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You have probably at least heard of 3D Xpoint. This is a memory technology jointly developed between Intel and Micron. I attended one of the keynotes at the Open Server Summit by Rob Peglar of Micron. He went for one of the less catchy titles of the day, Speed Up Your Applications With 3D Xpoint Technology. One issue is that there has been a limited amount of information about the technology, and it all comes from Intel and Micron themselves. If you watch the video below, Rick Coulson even says that they are deliberately not giving a lot of details. "We'll get it into production and then everyone can try and reverse engineer it."
So what is 3D Xpoint technology? (I'm going to call it 3DX from now on.) One way to look at it is that it is a better flash. 1000X faster than flash, 1000X more endurance (bits can be written a thousand more times before problems start to occur), and 10X the density. As I said above, it is denser than DRAM but only slower by a factor of four.
The big opportunity for 3DX is to change the memory hierarchy in a way that results in increased performance and decreased cost. The reason this is important is that there are two fast growing areas of memory use, the latency-critical, high-throughput "in memory" use for big data crunching. And the other end of the scale, latency-insensitive "cold storage" for preserving data that is not intensively used. By contrast, the blue stripe across the middle in the above picture is not growing, the traditional bread and butter of the corporate datacenter supporting relatively small (compared to internet scale) databases.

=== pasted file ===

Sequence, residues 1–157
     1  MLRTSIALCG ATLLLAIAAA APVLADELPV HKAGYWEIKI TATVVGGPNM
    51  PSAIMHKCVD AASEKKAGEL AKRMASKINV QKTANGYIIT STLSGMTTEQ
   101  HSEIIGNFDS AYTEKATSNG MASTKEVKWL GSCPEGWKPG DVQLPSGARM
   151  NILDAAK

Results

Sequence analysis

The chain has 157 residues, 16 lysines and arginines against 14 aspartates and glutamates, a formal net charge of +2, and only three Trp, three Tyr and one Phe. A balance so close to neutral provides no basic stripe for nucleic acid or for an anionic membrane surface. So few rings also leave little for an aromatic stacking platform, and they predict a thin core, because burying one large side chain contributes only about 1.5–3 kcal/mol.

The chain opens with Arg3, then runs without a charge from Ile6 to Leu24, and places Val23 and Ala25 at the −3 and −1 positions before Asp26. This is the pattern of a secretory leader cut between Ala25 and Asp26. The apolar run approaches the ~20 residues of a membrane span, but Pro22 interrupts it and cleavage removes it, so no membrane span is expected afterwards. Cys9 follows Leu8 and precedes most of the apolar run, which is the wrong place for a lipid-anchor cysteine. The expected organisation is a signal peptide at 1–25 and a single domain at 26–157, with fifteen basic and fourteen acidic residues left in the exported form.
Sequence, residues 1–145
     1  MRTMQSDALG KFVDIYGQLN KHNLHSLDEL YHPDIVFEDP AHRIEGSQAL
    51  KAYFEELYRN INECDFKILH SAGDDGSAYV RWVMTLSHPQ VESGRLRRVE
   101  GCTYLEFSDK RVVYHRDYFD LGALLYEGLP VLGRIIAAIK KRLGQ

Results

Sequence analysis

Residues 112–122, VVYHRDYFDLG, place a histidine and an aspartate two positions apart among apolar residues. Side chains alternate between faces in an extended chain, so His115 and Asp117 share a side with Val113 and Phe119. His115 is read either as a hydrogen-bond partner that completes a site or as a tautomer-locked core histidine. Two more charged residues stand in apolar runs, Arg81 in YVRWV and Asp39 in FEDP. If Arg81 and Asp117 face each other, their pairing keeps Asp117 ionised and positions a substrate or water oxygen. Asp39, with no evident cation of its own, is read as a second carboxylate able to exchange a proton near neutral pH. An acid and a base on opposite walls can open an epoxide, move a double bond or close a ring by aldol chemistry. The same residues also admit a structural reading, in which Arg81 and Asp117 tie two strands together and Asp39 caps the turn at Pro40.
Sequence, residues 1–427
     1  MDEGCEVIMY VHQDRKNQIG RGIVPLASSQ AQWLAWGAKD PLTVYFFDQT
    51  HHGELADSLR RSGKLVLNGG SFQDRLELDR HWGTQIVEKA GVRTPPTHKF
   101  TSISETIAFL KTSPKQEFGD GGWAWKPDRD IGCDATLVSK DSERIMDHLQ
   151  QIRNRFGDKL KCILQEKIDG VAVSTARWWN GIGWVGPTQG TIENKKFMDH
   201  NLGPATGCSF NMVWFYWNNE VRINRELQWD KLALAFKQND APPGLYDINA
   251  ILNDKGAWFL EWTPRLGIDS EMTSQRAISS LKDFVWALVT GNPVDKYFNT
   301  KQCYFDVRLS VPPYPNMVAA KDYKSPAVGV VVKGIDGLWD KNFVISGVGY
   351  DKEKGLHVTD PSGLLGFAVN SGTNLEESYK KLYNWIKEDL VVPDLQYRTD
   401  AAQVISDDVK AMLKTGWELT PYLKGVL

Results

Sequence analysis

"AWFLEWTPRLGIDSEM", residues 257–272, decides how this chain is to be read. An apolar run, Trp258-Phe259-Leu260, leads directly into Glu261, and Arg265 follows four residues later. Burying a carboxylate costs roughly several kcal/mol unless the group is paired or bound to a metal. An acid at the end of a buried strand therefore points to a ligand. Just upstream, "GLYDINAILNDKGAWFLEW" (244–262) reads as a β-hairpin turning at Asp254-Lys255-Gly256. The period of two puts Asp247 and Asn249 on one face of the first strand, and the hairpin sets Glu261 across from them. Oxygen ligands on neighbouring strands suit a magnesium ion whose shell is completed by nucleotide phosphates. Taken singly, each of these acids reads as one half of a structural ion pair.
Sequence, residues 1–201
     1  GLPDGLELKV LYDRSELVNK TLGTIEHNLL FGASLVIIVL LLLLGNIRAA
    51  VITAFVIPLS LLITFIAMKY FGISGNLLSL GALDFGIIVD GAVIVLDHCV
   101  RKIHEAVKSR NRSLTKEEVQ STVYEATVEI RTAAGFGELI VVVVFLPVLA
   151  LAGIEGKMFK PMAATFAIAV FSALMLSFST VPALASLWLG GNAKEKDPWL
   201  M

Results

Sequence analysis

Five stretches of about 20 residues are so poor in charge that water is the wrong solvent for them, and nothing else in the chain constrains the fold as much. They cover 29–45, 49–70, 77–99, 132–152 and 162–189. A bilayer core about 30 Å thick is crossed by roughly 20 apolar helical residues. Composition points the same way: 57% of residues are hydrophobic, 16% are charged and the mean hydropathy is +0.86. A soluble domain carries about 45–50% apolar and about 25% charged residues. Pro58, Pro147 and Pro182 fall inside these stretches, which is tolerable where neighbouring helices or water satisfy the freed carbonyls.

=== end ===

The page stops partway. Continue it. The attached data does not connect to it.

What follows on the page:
Let's start with some numbers:
That is quite a range. Where does 3DX fit in?
The standard memory hierarchy for many years was DRAM in the processor (and caches) and a hard-disk. If a page miss occurred and it had to be brought in from disk, the difference in latency was 10ms instead of 100ns, a difference of about 100,000 times.
The first thing that has been happening in datacenters is to add flash (and perhaps battery backed non-volatile DRAM) at various points in the memory hierarchy. This has reduced the difference between getting a value from DRAM vesus having to go and get it from the storage subsystem to a factor of 80.
Adding 3DX can bring that difference down to 4X. This doesn't just mean that things run faster, it is a qualitatively much smaller number and means that we can think about radically changing the memory hierarchy. In particular, removing HDDs from the servers and putting them elsewhere in specialized storage areas.
This offers the opportunity to increase the performance of the memory hierarchy for the same investment. It is already well known in the datacenter world that if you have SSDs on your system, you don't need so much DRAM compared to when using rotating media. 3DX offers the opportunity to reduce DRAM dramatically with no decrease in performance. Rick Coulson, who is an Intel Senior Fellow in non-volatile memory solutions, made a seminar presentation at Stanford in March this year, which is well worth watching if you want to know more than I can include in this blog post. One experiment that he pointed out was where they built systems with 3DX and then cut the DRAM back to what, these days, counts as almost nothing:
We did a little demo a while back where we took a PC and restricted it to 256 megabytes of memory. And we ran a side-by-side demo with an 8 gig system. You couldn't tell the difference. And the little meter on the paging was 200,000 page misses a second. And that was okay if you're fast enough.
3DX, with non-volatility, low cost per bit, and high performance offers the potential for even more radical transformation since it offers the possibility of relatively large persistent memory, therefore making it possible to make major changes in system balance between cores, memory and storage. In turn, this offers the possibility in datacenter design for better power, cooling, and (physical) space.
Here is a video of the Rick Coulson seminar at Stanford referred to above:
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